THE announcement yesterday that the work and pensions minister, Iain Duncan Smith, had won his battle with the treasury over bringing in a single ‘universal credit’ has rightly been described as the ‘bonfire of the benefits’.
Under his scheme, every single benefit available to the unemployed, elderly, low paid or incapacitated – about 50 benefits in all – will be scrapped overnight and replaced with a single universal credit.
Due for the chop are housing benefit, incapacity benefit, the tax credit system for low-paid workers and single mothers as well as the job seekers allowance.
According to Smith, bringing all these benefits together is now possible due to computer technology that would even enable benefits to be varied from month to month depending on changes to a claimant’s circumstances.
The row between Smith and the treasury has been over their reluctance to agree the initial start-up costs for the ‘credit’ scheme, which Smith reckons will save the government £9 billion a year.
The treasury have now agreed to give Smith a big chunk of this £9 billion on condition that it is returned to them along with the £9 billion saving.
Nobody in their right mind will believe the nonsense being put about by Smith that these huge amounts can be obtained through efficiencies being made by collapsing the 50-odd benefits into one single universal credit, that can be varied according to changed circumstances.
Efficiency savings have never been made on this vast a scale by any government.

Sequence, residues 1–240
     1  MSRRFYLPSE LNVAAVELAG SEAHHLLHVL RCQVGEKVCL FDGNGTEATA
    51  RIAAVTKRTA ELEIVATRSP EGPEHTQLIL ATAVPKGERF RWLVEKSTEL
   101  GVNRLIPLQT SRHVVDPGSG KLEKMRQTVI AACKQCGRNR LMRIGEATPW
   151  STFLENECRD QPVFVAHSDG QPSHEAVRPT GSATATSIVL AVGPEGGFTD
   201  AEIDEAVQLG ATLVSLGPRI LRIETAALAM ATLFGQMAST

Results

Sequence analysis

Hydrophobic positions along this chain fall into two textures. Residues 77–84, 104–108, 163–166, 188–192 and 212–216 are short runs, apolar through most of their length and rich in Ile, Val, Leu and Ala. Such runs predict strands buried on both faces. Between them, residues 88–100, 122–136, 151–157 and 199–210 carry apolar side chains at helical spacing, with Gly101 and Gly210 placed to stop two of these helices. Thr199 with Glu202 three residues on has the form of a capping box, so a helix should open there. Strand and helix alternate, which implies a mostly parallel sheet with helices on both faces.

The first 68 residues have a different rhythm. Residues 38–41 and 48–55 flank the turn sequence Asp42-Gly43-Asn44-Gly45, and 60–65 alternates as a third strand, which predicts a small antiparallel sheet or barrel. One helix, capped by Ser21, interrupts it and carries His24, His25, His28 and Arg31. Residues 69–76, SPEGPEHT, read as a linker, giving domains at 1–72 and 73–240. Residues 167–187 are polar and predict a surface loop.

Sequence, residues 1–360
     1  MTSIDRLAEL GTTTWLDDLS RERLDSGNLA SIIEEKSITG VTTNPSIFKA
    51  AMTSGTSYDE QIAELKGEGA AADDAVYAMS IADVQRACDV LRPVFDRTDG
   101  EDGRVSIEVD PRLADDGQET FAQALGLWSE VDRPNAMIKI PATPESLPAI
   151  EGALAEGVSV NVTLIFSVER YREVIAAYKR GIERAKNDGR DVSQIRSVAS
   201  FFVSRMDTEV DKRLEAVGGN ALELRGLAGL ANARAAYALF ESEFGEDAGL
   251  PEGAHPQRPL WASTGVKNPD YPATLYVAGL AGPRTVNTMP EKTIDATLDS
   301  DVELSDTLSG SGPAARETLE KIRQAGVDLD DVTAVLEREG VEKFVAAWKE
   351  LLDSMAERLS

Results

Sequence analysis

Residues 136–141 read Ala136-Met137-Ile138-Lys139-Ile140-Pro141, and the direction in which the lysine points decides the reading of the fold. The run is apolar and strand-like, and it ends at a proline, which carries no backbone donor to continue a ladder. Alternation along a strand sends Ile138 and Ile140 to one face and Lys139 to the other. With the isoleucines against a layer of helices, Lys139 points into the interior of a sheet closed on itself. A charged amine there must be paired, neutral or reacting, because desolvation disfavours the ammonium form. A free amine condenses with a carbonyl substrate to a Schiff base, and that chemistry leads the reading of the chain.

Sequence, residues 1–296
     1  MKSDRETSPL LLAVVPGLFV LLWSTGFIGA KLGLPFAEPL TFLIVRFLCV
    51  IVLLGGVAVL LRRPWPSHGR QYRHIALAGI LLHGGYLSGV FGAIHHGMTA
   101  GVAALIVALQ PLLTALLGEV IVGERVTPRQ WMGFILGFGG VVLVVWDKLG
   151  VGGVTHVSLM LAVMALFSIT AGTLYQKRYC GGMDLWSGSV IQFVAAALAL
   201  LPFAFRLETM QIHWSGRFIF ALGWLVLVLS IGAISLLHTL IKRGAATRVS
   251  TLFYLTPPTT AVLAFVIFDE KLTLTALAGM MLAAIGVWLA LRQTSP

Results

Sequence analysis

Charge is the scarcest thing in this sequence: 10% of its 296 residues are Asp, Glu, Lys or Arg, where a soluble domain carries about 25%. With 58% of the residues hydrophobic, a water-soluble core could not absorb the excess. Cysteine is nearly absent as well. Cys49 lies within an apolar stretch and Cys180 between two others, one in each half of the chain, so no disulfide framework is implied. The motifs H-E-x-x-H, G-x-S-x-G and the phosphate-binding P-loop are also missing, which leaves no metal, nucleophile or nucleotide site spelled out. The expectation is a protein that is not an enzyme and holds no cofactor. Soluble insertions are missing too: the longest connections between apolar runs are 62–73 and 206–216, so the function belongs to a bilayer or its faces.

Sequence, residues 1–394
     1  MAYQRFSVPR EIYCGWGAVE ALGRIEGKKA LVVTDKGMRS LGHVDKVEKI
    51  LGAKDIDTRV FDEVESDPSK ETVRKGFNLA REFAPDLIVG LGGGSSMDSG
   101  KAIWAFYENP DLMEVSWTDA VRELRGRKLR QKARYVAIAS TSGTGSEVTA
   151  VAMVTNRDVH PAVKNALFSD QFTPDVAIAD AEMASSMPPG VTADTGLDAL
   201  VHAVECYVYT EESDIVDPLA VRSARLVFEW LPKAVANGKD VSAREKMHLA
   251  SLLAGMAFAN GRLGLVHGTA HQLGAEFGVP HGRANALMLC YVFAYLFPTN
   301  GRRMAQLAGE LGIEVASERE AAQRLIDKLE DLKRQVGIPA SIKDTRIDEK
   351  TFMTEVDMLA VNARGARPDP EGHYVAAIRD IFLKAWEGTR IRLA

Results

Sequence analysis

In truth, these savings can only be achieved through savage cuts in benefits, by repeated means testing, and by a constant state policing of the former benefit holders, with punishment for those who do not report changed circumstances.
Speaking back in August, Smith claimed that the benefit system created ‘institutionalised idleness’.
When questioned about how it would be possible to get people back into employment under conditions where jobs are being destroyed not created, he replied that he would rather get ‘workless households’ into employment than increase the overall number of hours worked in the economy.
Basically he is saying that both the unemployed and those already in employment must be pushed into part-time working, with the unemployed being used to drive down wages and hours worked by those in full-time employment.
And what does the introduction of a single ‘universal credit’ really mean, how will people be placed on it?
So far, these questions have not been answered in any detail but obviously such a ‘bonfire’ will require everyone on any existing benefit to be taken off and having to apply for a ‘credit’.
The first big saving will come when a couple of million claimants are told that they are not deserving of the new credit.
Already, this government has proved its ruthless determination to cut the welfare state to pieces. Benefit holders are to be thrown to the wolves on a massive scale.
In the forthcoming spending review, all benefits are in the frame for abolition, including even the most basic, Child Benefit.
These proposals are not about efficiency, cutting out so-called ‘benefit fraud’ or targeting the really needy, they are simply about smashing all benefits, in order to prop up the bankrupt capitalist system and its bankrupt bosses and bankers.
And what is the significance of the title ‘universal credit’ in place of ‘benefit’. A benefit, of course, is something that a person is entitled to by right. A ‘credit’ is basically a loan for which one has to beg, and which must be repaid at some time in the future.
No doubt we will be clarified shortly concerning the issue of repayment.
The TUC must not allow current benefit holders to be turned into beggars. The coalition must be told that any attempt to abolish benefits in favour of a credit will be met with a general strike to bring them down.